I was there, among the thousands that had gathered upon the lush green lawns of QueensPark to catch a glimpse of Nelson Mandela, newly released from his South African prison cell and here in Toronto for the first time. I had asked to leave work early that day so that I could experience what I knew to be a momentous occasion. Not just in a global sense but something far more personal. I wanted to see in person, this man, Mandela. A man who had endured some of the worst racism and discrimination imaginable, on a scale that made my own negative experiences around my race and colour seem small and insignificant. Yet he was able to transcend anger, hatred and resentment, in a way I had yet to achieve, to come to a place of forgiveness, to reach out to his oppressors, clasp their hand in friendship and unity and offer a new path, a new way of seeing the future. A future for the country he loved and a world that had yet to believe in him. And I climbed the tree I stood beneath, just so that I could see his face, less than one hundred meters away, to see if he truly could leave his bitterness behind. Because if he could, maybe, so could I.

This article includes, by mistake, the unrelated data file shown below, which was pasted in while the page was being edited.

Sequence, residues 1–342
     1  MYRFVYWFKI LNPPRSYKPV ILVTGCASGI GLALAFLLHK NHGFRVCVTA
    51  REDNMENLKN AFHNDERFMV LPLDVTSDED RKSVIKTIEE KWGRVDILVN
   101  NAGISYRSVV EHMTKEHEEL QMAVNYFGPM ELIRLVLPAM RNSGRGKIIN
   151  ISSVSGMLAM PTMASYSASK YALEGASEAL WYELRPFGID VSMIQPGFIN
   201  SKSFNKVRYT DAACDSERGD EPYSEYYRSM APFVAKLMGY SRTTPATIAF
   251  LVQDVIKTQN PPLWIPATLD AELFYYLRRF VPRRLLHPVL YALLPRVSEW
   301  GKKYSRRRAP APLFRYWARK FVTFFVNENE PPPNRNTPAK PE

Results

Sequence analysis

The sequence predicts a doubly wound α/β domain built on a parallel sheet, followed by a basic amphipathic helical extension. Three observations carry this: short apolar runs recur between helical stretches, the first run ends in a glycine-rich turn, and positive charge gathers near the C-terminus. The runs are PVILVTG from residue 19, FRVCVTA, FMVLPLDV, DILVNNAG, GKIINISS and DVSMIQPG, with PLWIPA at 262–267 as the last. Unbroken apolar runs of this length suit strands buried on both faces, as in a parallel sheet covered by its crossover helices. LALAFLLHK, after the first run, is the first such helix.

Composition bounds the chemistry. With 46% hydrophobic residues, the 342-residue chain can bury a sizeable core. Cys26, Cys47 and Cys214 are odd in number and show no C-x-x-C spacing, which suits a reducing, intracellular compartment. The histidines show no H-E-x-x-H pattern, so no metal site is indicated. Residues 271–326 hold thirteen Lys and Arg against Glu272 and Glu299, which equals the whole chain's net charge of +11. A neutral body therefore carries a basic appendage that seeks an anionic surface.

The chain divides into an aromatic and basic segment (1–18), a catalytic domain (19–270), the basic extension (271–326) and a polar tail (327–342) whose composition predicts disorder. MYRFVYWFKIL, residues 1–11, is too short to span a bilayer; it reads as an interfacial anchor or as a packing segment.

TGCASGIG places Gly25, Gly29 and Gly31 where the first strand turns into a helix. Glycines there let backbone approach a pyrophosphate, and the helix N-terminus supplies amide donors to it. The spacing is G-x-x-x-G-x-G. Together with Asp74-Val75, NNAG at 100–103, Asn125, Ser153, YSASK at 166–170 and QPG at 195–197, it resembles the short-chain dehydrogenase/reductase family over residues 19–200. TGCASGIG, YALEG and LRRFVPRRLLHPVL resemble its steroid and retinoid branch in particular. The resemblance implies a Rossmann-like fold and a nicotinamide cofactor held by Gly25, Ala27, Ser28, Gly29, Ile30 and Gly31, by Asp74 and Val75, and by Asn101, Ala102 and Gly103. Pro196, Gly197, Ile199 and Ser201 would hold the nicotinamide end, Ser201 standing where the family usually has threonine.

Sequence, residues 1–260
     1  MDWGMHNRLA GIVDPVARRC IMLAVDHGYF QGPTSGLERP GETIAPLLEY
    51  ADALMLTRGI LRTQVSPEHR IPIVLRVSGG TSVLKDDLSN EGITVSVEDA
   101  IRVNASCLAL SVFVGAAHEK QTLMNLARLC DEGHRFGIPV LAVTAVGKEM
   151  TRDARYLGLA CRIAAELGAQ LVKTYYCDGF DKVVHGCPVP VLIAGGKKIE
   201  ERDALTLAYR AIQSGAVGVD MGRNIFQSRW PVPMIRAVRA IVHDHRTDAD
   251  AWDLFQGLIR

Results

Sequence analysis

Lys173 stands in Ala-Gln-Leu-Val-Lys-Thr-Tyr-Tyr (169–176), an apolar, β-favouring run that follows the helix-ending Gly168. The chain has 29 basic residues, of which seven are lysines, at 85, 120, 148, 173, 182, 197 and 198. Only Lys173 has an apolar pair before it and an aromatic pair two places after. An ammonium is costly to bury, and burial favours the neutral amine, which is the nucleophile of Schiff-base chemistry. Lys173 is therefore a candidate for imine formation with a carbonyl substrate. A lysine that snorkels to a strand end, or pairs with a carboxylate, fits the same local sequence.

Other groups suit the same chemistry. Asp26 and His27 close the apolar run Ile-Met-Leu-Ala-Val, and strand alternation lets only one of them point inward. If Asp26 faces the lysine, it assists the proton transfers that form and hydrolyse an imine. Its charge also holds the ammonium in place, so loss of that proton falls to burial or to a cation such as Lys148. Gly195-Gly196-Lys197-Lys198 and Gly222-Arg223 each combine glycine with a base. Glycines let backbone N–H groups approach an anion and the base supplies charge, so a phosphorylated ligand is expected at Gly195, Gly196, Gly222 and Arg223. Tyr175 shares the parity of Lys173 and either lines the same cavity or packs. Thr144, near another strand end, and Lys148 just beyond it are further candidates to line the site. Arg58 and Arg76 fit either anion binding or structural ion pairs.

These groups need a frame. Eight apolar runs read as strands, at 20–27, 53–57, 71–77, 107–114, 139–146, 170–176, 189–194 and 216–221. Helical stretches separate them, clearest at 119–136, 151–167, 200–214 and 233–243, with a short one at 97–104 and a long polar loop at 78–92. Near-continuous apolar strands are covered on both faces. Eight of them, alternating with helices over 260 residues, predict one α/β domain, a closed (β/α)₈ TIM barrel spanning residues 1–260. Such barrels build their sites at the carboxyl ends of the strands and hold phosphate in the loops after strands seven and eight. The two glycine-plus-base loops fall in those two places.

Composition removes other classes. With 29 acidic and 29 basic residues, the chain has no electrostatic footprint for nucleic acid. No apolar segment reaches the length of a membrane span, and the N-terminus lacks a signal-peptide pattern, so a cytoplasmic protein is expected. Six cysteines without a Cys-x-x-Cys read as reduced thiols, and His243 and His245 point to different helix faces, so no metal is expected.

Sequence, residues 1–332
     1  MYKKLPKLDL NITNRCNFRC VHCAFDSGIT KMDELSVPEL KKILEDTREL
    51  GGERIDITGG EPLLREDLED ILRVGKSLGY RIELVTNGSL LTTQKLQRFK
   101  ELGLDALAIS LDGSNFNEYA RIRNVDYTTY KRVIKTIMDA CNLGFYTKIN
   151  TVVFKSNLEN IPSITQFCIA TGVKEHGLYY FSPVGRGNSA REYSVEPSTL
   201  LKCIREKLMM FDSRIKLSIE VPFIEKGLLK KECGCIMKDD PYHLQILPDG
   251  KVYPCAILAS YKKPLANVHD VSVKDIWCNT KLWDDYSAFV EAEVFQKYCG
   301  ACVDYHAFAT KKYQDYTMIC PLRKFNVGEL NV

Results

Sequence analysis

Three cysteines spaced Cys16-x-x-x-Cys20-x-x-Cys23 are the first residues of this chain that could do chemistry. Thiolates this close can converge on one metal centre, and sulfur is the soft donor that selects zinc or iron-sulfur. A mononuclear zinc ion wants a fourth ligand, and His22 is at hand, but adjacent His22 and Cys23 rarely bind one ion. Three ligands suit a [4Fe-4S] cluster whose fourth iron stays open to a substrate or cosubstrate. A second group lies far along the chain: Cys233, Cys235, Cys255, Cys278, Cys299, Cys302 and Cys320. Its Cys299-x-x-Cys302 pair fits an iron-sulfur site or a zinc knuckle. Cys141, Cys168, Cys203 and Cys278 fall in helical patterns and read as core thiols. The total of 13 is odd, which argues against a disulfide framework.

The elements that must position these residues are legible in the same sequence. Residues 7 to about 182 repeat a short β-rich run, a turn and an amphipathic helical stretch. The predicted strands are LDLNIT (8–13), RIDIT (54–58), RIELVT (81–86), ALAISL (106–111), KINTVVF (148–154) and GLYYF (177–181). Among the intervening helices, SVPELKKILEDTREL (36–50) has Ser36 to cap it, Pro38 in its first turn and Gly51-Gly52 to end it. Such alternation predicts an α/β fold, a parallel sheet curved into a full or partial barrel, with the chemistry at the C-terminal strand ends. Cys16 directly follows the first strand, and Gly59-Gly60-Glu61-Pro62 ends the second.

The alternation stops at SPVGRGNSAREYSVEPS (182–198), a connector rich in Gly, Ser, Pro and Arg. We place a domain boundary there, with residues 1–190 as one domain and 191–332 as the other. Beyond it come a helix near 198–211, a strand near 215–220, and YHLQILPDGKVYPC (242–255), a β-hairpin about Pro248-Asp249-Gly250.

I wish I could say that day changed me. That it melted away my own anger, hatred and resentment. But it didn’t. At the age of 23, my immaturity kept my heart bound. It is only now, 20 years later, that his words have taken a hold within me. “There were many dark moments when my faith in humanity was sorely tested, but I would not and could not give myself up to despair. That way lays defeat and death.” The world has lost a good and noble man. Sleep well, Madiba, you deserve this rest.